One exuberant half of the barnstorming duo that lit up Olivia Wilde’s impeccable coming-of-age directorial debut ‘Booksmart’. Beanie Feldstein now looks to test her mettle away from sunny Los Angeles.  Throwing herself into the unlikely far grittier backdrop of a Wolverhampton council estate (my work city!) and tackling our darling dialect, entrusted to translate the empowering hyperactive qualities of Caitlin Moran’s dearly loved book to the big screen.

Moran has gone on record to say that her modest upbringing resembled The Hunger Games, so it’s undoubtedly fitting that ‘How To Build A Girl’ may just be the crowd-pleasing film that sees Beanie’s career truly catch fire.

A sixteen-year-old whose searing enthusiasm has remained locked within the confines of her bedroom, as she daydreams about cute boys aplenty and waxes lyrical about inspirational literary figures like Little Women’s Jo March. Her Lady Bird co-star Saoirse Ronan would be proud. Johanna (Feldstein) just doesn’t believe her lofty writer ambitions can merely be contained within 1990’s West Midlands.

Looking to fare better than her aspiring rock star dad (Paddy Considine) whose music project ‘Mayonnaise’ is hardly spreading, whilst injecting some fierce femininity into the household as her physically drained mom (Sarah Solemani) looks like she’s thrown the towel in on the prospect of a better life. Her world soon broadens, becoming littered with compromise when she embodies the outlandish acid-tongued persona of music critic Dolly Wilde, for the benefit of proving her worth to the posh boys of London. Blessed with such solid foundations for a blossoming career. Can Johanna maintain a true sense of herself, preventing it from all crashing down on her?

Director Coky Giedroyc certainly has no trouble infusing the film with Moran’s barnstorming zany energy in the transfer. Particularly in its fantastical first half which impressively zips along, with Johanna engaged in conversation with her esteemed pictures on the wall which vividly come to life, only to become embroiled in something far more real away from home. Her infatuation with the ever-so-charming John Kite (Alfie Allen), which at one stage triggers a hefty downpour of flower petals and a love me/love me not scenario.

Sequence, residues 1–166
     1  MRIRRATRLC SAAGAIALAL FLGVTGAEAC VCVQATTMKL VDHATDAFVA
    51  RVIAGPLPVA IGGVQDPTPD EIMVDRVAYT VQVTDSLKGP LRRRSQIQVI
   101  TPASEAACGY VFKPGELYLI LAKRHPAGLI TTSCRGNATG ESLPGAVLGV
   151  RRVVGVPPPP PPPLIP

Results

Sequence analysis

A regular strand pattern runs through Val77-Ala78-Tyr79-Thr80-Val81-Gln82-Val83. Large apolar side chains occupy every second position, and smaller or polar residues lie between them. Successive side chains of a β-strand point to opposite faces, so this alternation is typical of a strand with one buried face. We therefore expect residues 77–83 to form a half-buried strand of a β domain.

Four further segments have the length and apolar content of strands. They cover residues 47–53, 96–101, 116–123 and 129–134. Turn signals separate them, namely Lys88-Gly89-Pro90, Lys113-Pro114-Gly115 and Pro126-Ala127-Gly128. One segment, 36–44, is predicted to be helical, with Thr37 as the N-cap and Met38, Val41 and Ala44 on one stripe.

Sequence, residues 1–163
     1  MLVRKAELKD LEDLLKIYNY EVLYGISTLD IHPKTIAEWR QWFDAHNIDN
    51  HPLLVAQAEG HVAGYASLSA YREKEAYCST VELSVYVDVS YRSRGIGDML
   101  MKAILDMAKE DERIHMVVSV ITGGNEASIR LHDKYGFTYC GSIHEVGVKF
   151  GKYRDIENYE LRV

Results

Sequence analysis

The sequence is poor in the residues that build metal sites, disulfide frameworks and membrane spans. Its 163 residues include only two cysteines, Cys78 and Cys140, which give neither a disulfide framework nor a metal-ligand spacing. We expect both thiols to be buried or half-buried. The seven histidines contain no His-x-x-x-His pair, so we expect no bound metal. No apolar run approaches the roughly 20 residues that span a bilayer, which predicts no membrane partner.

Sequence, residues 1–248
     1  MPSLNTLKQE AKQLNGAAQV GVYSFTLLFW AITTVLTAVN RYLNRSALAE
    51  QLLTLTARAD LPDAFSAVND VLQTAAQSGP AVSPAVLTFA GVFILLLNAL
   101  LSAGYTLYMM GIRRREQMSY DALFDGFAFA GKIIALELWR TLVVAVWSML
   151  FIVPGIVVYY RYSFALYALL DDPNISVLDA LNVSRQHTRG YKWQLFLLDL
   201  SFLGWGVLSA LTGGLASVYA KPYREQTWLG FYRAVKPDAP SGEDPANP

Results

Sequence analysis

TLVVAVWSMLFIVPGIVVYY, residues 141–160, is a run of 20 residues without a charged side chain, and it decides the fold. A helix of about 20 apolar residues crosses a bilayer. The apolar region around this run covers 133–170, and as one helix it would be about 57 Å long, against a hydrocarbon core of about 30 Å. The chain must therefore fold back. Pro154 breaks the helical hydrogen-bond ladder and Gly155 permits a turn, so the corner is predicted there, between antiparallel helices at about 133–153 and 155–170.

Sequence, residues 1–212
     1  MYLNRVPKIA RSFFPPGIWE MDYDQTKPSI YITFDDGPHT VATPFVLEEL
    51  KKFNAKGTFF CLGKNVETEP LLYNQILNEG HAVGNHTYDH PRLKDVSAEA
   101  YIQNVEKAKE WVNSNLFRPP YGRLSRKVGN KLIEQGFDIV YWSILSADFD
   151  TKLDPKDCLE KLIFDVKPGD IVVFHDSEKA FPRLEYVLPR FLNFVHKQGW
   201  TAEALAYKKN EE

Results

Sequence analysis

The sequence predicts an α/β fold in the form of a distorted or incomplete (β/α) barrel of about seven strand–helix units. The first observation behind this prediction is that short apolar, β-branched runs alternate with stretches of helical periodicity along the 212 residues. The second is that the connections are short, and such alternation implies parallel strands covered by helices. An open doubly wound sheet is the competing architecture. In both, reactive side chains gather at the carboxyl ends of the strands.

Perhaps like many a teen, the erratic behaviour of our charming heroine in establishing herself on the page and discovering herself in the bedroom does occasionally leave the second half loose in narrative focus, but the clarity in the message of upholding integrity within your work in a cynical still heavily male-populated environment, where spewing verbal bile garners cheap publicity, whilst truly embracing your starting point in life in order to fully appreciate where you want to end up, never becomes distorted.

Whether it’s the anxious opinions of those early frames, or eventually giving us the larger-than-life one-woman show that aesthetically wouldn’t look out of place in The Rocky Horror Picture Show, underneath the façade and insecurities. Beanie Feldstein is utterly brilliant in grounding Johanna with deep humanity and irresistible charm, whose career trajectory through her musical leap from Annie to Manic Street Preachers is always engaging, offering us a surprisingly decent accent that left this Midlander breathing a huge sigh of relief.

Only elevating the wicked hilarity is Paddy Considine’s father figure whose spiky vernacular and dear love for home is delightfully authentic, with the postnatal depression of Sarah Solemani’s mother in stressing to Johanna to not do inner harm to herself, bringing much sincerity to the piece. I suspect Alfie Allen may be on his way to stealing some hearts too, riffing off Beanie’s lead character wonderfully as he puts in a charismatic turn as John Kite.

In an admittedly overcrowded coming-of-age market, ‘How To Build A Girl’ stands tall. A big-hearted beauty.

Rating: ★★★★

Directed by: Coky Giedroyc

Written by: Caitlin Mora, John Niven

Cast: Beanie Feldstein, Emma Thompson, Jameela Jamil, Alfie Allen, Paddy Considine, Lucy Punch, Chris O’Dowd